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Ongoing Research

Polarized Radiative Transfer Near Black Holes

             Spectropolarimetry provides an important additional tool for probing astronomical environments.  With the advent of high-resolution monitoring of the polarized (both linear and circular) spectra of galactic nuclei, it is possible to use polarization to inform our modeling of the accretion flows in these regions.  have been primarily focused upon understanding the polarization of radio and near-infrared emission associated with the super-massive black hole in the Galactic center (Sgr A*) and analogous systems.

             The circular polarization of Sgr A* is surprising in three respects.  First, unlike most other astrophysical cases, there is no linear polarization at the frequencies the circular polarization has been observed.  Second, the circular polarization fraction spectrum is inverted, that is the circular polarization fraction increases with frequency.  Third, while the circular polarization fraction is highly variable, it is uncorrelated with the variability in the unpolarized spectrum, and it’s sense has been constant for decades.

             While there aren’t any other systems that have been studied in the detail that Sgr A* has, circular and linear polarization observations of other AGN have found circular polarization fractions that are uncorrelated with the linear polarization or unpolarized flux.  This suggests that the mechanism responsible for the polarization in Sgr A* may not be restricted to the Galactic center (or low luminosity AGN in general).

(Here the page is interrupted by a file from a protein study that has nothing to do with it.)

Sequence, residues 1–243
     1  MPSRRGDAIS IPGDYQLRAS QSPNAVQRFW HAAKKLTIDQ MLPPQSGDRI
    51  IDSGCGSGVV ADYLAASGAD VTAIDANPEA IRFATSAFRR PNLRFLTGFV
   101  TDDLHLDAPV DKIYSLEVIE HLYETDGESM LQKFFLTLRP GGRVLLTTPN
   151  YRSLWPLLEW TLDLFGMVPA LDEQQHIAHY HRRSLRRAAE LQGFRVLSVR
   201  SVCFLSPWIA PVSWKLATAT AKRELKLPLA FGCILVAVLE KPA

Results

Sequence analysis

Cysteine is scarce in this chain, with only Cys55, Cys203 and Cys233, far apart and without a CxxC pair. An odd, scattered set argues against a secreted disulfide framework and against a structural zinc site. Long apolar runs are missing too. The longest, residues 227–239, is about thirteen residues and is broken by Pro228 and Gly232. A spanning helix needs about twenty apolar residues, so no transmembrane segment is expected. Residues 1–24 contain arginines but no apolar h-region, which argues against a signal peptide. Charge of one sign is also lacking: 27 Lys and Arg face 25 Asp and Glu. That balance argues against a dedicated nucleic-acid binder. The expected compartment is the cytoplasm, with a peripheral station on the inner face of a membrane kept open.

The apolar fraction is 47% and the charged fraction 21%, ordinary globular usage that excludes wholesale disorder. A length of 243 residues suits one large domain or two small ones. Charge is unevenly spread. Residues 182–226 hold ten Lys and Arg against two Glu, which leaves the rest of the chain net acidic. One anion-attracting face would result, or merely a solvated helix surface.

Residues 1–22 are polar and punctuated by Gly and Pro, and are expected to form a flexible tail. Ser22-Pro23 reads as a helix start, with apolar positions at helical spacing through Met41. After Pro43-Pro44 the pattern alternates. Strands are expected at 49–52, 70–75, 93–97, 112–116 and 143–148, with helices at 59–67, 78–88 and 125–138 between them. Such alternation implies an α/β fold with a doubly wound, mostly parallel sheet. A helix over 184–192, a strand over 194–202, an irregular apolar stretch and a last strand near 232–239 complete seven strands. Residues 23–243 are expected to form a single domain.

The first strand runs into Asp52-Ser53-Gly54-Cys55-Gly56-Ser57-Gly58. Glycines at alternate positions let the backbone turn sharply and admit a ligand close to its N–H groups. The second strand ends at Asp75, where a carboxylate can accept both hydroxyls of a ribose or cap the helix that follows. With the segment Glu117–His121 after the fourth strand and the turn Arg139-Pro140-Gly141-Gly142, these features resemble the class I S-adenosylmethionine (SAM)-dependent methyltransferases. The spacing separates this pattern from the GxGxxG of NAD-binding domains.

With Roger Blandford, there are two ways in which I have tried to understand the polarization properties of Sgr A*.  The first of these involves refraction in magnetized plasmas around black holes and the selective capture of one polarization mode.  The second involves the coupling of the polarization propagation to the shearing of the magnetic field, presumably due to the differential rotation of an accretion disk.


Papers on this topic:

          Broderick, A.E., 2006, MNRAS, 366, L10
Radiative transfer along rays in curved space-times

          Broderick, A. & Blandford, R., 2004, MNRAS, 349, 994
Covariant magnetoionic theory –II.  Radiative transfer

          Broderick, A. & Blandford, R., 2003, MNRAS, 342, 1280
Covariant magnetoionic theory –I.  Ray propagation


The Extraordinary mode (solid) is refracted more than the Ordinary mode (dashed) which is refracted more than the null geodesics (dotted). (Shown for a Bondi flow.)

The capture cross-section for the Extraordinary mode is substantially smaller than that of the Ordinary mode near the plasma frequency.  This alone can create polarization fractions of ~50%! (Shown for a Bondi flow.)

An image of the circular polarization fraction (blue and red are 100% polarized in opposite senses).